Home improvement season is in full swing and while contractors hire subcontractors, a lot of homeowners are not aware that they can protect themselves from lien waiver.
Summer is the time of the year, where most homeowners turn toward their to-do-list and hire contractors to fix their homes, not knowing that it is not unusual that these general contractors hire subcontractors, who are specialized in certain trades.
Not knowing who is working on your house can bring up negative surprises, such as lien waivers. To avoid this, owners should participate in the process and go on Angies’s List to check out if these subcontractors are experienced and reputable, said Angie’s List founder Angie Hicks.
“If you’re doing a big project it’s important to talk to the general contractor about a lien waiver,” Hicks said. “That’s basically going to protect you against the contractor not paying the subcontractor because if the contractor doesn’t pay his subs, they could potentially put a lien against your property. “
Hicks suggests that you should always walk away from those contractors, who refuse to have a lien waiver, since it is mostly a red flag, which can save you a lot of trouble.
A nationwide Angie’s List poll found:
• When asked what aspects of the hiring process or contract were important – 10 percent of the respondent said lien waiver.
What is a lien waver?
If a home improvement contractor fails to pay his employees or fails to pay for the building materials used in the project, a lien can be placed on your property and you, the property owner, can be held liable for the unpaid expenses if a lien waiver was not established.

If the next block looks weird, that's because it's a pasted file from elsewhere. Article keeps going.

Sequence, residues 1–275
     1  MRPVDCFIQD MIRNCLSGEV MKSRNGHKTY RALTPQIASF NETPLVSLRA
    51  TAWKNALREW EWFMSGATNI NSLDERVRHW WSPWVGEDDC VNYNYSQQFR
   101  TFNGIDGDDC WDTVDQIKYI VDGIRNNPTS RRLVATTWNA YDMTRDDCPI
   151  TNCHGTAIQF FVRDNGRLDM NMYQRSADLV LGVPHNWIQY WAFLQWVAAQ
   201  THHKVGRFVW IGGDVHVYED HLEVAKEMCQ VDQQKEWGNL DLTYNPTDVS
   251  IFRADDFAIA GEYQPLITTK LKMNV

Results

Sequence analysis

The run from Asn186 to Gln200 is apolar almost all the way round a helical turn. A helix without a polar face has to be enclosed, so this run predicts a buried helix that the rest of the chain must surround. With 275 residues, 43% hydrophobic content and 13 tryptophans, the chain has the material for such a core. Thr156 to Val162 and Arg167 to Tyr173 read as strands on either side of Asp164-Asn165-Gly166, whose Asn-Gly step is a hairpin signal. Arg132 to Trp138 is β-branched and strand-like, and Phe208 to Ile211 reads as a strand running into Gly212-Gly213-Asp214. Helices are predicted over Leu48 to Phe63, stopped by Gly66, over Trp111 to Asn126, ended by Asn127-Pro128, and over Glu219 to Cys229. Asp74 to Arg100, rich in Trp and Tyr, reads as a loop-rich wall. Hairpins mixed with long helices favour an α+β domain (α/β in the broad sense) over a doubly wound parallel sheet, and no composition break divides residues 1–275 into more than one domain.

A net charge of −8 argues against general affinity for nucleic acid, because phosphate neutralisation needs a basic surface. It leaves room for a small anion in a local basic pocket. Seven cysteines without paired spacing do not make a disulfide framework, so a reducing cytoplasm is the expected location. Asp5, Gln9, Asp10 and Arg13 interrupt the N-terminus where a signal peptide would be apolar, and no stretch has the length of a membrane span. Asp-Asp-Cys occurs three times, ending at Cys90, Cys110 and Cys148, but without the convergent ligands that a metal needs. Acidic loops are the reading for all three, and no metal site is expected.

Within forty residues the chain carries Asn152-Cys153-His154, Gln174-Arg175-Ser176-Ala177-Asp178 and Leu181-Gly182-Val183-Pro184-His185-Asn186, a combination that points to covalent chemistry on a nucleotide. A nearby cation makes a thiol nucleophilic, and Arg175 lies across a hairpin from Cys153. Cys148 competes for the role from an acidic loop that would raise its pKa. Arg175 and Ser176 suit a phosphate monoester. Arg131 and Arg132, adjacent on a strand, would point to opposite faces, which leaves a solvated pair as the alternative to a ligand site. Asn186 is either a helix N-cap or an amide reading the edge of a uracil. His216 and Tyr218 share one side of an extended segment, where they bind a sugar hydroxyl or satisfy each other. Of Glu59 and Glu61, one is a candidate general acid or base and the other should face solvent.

• To avoid unexpected fees or liens, homeowners should consider always including a lien waiver or lien waiver clause in the project's contract. With a lien waiver, when the project is successfully completed, both parties sign off and state that the contract obligations have been met, including the general contractor making all necessary payments to materials suppliers, subcontractors or vendors.
• If the general contractor doesn't agree to sign off on the lien waiver, you can withhold payment until he or she has proved they've paid their suppliers or subcontractors.
• One of the most essential things to know about liens and lien releases is how they're enforced in your area. Although the general principle is the same for most areas, each state or municipality has different standards for the application of liens and their releases.
Angie’s List Tips: Know your subcontractors
• Ask your general contractor for a list of subcontractors to be used on a project, and then check the subs out.
• Angie’s List recommends soliciting at least three bids, properly vetting contractors and subcontractors by checking references and verifying licensure (if applicable), bonding and insurance, and negotiating a detailed contract.
• Ask the contractor how long he/she has worked with the subcontractors. What is their experience working together?
• Insist on a lien waiver, which protects the homeowner from liability if the general contractor fails to pay the subcontractors.
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